a and b, FISH with GS214h7 (a) and GS42i21 (b) in a prometaphase and a metaphase, respectively, from an inv dup(8p) subject. The two clones show a double set of signals (a) and a large signal (b) on the normal chromosome 8 (arrows) and a single smaller signal on the inv dup(8p)s (arrowheads). These BACs, which partially overlap and lie at the distal edge of REPD, also hybridize to other chromosomes (identified with numbers) containing OR gene clusters. c, FISH with GS42i21 in a metaphase from a subject with +der(8p). The signal pattern is the same as in a and b; the +der(8p) shows very large signals. Box, cut-out of chromosomes 8 and +der(8p), showing duplication of the red region of the contig in figure 1 (GS143g5) and monosomy of the contig’s blue region (GS77p24). d, FISH in a metaphase from the del(8p) subject with GS42i21 (green) and GS143g5 (red), the latter mapping distal to the two REPs. In the del(8p) (arrowhead), the green signal of the OR gene cluster is single and small, whereas, in the normal 8 (arrow), it is double and big. This FISH pattern is visible both in metaphase and interphase nuclei.
Figure  3
Figure 3
Metaphase from the mother of a subject with inv dup(8p), showing the normal (arrow) and the inverted (arrowhead) chromosomes 8 (magnified in the box). FISH was done with GS173o4 (red, D8S351), GS257o3 (green, D8S1130), both inside the inverted region (see fig. 1), and RP11-563o19 (yellow, D8S1733), ∼24 cM proximal to the inverted region.
Figure  4
Figure 4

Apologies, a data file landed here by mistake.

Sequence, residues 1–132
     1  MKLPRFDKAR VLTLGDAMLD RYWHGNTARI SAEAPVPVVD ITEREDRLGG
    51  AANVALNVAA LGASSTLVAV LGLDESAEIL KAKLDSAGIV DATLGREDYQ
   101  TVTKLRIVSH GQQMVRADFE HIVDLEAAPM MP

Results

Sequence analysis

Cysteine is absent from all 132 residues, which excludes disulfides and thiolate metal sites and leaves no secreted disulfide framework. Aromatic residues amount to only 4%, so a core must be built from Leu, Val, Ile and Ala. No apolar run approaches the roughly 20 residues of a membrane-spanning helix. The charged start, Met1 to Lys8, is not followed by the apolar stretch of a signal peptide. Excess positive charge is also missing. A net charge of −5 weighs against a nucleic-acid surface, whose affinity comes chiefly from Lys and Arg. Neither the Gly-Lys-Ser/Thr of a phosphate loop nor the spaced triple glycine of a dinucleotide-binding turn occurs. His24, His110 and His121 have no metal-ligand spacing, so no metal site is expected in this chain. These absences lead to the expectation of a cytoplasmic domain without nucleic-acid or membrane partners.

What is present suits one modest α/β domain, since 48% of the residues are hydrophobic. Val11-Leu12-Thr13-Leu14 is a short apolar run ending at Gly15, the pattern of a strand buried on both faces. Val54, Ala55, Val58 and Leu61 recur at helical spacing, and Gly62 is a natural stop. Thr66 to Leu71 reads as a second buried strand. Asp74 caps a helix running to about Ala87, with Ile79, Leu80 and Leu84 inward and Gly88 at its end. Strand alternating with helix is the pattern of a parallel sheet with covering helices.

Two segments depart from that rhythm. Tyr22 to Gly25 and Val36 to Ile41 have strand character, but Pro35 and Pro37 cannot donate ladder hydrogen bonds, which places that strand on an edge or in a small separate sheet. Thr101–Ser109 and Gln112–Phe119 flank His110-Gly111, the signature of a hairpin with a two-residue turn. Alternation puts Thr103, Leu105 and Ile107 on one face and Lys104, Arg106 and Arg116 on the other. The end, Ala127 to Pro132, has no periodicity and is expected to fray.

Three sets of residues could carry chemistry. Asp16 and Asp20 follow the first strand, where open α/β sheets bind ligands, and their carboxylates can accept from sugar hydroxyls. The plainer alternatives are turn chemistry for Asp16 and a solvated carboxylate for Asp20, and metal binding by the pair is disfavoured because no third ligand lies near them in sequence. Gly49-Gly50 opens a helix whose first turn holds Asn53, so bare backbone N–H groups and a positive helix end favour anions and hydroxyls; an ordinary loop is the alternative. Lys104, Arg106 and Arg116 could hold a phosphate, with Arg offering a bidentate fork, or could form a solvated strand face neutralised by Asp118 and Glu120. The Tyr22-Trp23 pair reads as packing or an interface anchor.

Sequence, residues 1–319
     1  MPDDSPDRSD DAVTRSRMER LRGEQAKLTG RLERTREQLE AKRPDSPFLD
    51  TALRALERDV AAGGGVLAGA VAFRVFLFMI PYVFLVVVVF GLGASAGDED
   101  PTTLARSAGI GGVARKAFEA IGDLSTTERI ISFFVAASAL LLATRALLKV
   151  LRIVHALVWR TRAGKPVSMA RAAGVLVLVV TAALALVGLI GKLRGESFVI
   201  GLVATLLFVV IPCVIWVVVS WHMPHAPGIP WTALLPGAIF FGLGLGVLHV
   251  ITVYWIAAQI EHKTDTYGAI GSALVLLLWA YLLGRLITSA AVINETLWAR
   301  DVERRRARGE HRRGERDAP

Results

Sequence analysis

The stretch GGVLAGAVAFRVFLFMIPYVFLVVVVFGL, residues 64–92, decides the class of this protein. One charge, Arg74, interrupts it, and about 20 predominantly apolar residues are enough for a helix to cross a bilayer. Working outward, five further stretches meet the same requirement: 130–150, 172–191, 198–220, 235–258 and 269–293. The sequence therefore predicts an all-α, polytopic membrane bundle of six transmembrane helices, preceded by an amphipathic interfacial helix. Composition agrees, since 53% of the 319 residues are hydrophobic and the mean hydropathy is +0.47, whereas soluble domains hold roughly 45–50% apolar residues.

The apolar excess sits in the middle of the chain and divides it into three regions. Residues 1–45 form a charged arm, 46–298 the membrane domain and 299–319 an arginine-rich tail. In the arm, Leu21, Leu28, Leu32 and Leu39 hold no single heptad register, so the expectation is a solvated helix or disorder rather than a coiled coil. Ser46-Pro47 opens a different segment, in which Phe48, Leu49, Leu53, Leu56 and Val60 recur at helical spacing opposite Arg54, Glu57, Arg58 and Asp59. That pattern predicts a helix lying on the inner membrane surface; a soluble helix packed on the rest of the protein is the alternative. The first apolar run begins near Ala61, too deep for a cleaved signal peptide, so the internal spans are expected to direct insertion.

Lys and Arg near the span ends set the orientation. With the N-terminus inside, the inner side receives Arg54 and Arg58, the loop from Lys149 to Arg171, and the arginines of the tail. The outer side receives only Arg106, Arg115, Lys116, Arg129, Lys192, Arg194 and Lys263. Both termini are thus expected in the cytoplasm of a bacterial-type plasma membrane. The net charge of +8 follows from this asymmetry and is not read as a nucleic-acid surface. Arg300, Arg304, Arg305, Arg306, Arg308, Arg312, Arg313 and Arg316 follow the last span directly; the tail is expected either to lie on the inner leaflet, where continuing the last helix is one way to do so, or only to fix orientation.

Ideogram showing the mechanism of origin of the inv dup(8p) and of the +der(8p) at pachytene. Only the short arm of chromosome 8 is shown. a, At the first meiotic division (MI), the two maternal homologous chromosomes 8 (blue and black) undergo canonic recombination along the synapsed portion (in all informative inv dup(8p)s, part of the duplication region contains both maternal alleles [Floridia et al. 1996]). The region delimited by the two REPs (boxes) is inverted in the blue chromosome. Presence of heterozygous inversion leads to homologous synapsis interruption and to the refolding of the black chromosome, allowing intrachromatid synapsis and ectopic recombination between the two REPs (recombination is indicated by arrowheads). Red and green arrows show the orientation of the sequences inside each REP. As can be seen in fig. 1, two angiotensin II genes with the same orientation tel→cen, are present at the proximal and the distal portion of REPD. The orientation of REPP is hypothetical. Since a single FISH signal is visible in the inv dup(8p) with probes related to the OR gene clusters (see text), ectopic recombination should take place between the proximal portions of REPP and the distal one of REPD, thus leading to a very small OR cluster in the recombinant chromosome (hatched line). At MII, the recombinant chromosome (middle) shows a normal size gray OR cluster and a very small white/gray cluster. At anaphase II (right), when the centromere divides, the two chromatids, linked together, can join the opposite poles, provided that a breakage between the two centromeres occurs. If the breakage occurs at the level of one of the yellow lines, an inv dup(8p) is formed whose duplication size is determined by the position of this breakage. b, The same mechanism that produces the inv dup(8p) is responsible for the supernumerary der(8p) formation. The type of recombination is shown by arrowheads. The other chromosome 8 (blue) presumably undergo canonic recombination in the portion proximal to the inversion. This chromosome and the der(8p) segregate together in the oocyte. After anaphase II, the egg will contain a normal chromatid 8 and the der(8p). Formation of a neocentromere in the der(8p) will assure its preservation.